GB’s Kyle Langford slams banned Kenyan athlete for ‘robbery’

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Kyle Langford and others at the 2015 Birmingham Grand Prix. NS53 via Flickr.

British 800m runner Kyle Langford has described being beaten by a Kenyan banned for doping offences as ‘robbery’.

Langford, 22, missed out on a medal at last year’s World Athletics Championships by four hundredths of a second to Kipyegon Bett, who has been banned until 2022, in a decision announced by the Athletics Integrity Unit.

A sample taken from the 20-year-old in July 2018 was found to contain the performance-enhancing drug r-EPO.

Bett, who was World Under 20 Champion in 2016, is also said to have “refused or failed” to give another sample earlier this year “without compelling justification”.

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The verdict doesn’t relate to testing around the 2017 World Championships and only Bett’s results from 24 February to 15 August 2018 will be scratched.

In an Instagram post captioned with the word “robbery”, Kyle Langford said he felt hard done by because those results are months after Bett clinched bronze ahead of him in London, yet the Kenyan is set to keep that medal.

“IAAF have decided not to strip him!”, he wrote. “What now feels unlucky (is that) I was 4th. The moment of a global medal at a home championships stolen.”

Langford, who has since won silver at the Commonwealth Games, added that missing out on the podium meant “financial losses that would have made a massive difference to my life”.

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The AIU says an IAAF-authorised doping control officer met with Bett to try and test him in February, but the offiial was told by the runner “he would not be tested”.

The unit also says the blood booster r-EPO was present in a sample of Bett’s urine taken in July 2018.

Since that discovery was made, the investigation report talks of failed attempts to communicate with Kipyegon Bett, to get him respond to notices of the charges against him or attend a hearing to discuss his case.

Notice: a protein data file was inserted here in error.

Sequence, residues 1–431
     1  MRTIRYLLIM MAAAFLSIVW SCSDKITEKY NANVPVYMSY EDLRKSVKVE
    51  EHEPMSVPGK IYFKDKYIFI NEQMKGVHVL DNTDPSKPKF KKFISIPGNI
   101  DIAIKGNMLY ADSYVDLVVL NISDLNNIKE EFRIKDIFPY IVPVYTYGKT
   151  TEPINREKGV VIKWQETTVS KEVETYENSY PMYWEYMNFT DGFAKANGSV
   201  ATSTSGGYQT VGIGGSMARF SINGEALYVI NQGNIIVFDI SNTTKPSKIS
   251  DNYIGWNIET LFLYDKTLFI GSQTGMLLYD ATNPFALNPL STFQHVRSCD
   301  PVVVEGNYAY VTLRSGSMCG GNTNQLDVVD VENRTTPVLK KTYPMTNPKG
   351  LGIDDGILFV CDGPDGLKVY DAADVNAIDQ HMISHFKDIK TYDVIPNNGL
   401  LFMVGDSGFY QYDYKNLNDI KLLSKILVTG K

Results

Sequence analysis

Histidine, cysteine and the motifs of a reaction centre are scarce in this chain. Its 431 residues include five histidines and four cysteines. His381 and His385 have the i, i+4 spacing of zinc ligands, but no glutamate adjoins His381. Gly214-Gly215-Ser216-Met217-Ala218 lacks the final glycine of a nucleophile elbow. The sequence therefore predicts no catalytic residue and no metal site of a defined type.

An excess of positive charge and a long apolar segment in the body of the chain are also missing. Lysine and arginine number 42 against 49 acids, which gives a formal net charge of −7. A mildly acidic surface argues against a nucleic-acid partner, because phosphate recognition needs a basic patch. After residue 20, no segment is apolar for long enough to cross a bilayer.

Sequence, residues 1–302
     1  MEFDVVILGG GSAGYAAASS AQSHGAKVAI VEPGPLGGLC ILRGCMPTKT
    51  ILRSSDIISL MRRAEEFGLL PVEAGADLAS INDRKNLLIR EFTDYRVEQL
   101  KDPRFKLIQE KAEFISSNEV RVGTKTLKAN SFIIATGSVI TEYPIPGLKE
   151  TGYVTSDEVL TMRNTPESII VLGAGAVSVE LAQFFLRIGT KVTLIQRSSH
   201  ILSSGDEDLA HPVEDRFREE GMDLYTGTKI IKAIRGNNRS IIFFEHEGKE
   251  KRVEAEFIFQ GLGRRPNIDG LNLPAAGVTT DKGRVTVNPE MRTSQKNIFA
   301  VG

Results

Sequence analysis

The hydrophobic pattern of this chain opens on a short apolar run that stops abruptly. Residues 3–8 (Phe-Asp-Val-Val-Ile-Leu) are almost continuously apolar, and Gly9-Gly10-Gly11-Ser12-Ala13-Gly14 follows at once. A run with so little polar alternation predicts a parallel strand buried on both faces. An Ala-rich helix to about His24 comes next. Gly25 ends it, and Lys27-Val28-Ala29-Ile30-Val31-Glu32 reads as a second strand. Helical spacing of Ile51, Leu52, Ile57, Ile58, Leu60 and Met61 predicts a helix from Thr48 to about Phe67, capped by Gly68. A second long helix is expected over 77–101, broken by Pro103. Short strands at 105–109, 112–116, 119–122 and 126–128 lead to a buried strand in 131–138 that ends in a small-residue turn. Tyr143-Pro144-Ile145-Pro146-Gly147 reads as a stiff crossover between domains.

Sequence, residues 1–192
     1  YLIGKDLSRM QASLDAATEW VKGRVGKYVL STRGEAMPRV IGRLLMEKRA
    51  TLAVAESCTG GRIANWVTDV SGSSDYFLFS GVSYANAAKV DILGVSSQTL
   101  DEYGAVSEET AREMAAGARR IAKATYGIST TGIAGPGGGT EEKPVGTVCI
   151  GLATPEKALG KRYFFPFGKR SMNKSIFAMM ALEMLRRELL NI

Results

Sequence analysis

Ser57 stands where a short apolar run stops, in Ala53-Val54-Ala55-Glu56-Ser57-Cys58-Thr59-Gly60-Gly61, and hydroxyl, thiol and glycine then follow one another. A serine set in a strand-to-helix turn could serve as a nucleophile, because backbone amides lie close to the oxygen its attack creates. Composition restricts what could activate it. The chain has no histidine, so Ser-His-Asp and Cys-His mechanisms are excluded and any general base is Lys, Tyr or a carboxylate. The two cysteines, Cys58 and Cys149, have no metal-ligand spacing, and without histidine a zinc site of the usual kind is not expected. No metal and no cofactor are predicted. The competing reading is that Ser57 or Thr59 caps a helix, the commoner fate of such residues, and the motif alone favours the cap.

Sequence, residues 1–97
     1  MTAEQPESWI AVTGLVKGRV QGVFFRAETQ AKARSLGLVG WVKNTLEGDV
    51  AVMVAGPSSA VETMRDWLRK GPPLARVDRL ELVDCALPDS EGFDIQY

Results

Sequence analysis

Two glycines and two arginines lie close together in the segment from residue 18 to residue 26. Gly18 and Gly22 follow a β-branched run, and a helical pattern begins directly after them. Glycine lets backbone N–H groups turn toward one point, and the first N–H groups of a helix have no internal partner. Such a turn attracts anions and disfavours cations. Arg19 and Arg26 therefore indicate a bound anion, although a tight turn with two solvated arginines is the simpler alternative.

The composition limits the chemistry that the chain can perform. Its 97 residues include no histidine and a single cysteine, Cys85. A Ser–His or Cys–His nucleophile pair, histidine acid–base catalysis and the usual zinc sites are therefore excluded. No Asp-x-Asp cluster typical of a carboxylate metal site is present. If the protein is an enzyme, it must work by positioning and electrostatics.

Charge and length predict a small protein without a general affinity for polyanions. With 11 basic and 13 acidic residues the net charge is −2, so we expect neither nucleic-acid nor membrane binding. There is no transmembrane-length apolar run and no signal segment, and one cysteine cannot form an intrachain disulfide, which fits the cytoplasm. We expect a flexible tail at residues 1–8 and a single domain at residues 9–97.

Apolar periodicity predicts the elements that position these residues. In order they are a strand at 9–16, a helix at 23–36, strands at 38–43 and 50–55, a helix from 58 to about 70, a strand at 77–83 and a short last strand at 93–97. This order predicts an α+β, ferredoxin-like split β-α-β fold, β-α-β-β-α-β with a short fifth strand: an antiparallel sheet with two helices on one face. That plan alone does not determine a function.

With a deadline to respond set for September, the AIU says he sent a reply by e-mail last month mentioning that he “never used EPO”. Reports in Kenyan media suggest he maintains his innocence following the ruling.

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On it’s own, erythropoietin (EPO) is a protein released naturally by kidneys, which helps red blood cells to be produced in the bone marrow.

r-EPO is a blood doping agent that is used to increase the number of these cells, which play an important role in carrying oxygen from the lungs to the muscles.

More red blood cells therefore improves the amount of oxygen that can be carried to the muscles.

As part of the ruling, the Kenyan will be ineligible to compete for four years from the backdate of 15 August 2018, meaning he’s expected to miss out on the 2020 Olympic Games and the next two World Championships.

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He is able to appeal the decision, although independent Kenyan newspaper The Daily Nation reports that he won’t because of the cost of doing so.

Bett’s compatriot, Olympic and world champion Asbel Kiprop, was suspended for testing positive for EPO earlier this year pending the outcome of a review. He maintains his innocence.

Britain’s Kyle Langford struggled with injury in 2018 following his Commonwealth podium appearance, but has promised “there’s going to be more medals” as he looks to regain his best form in 2019.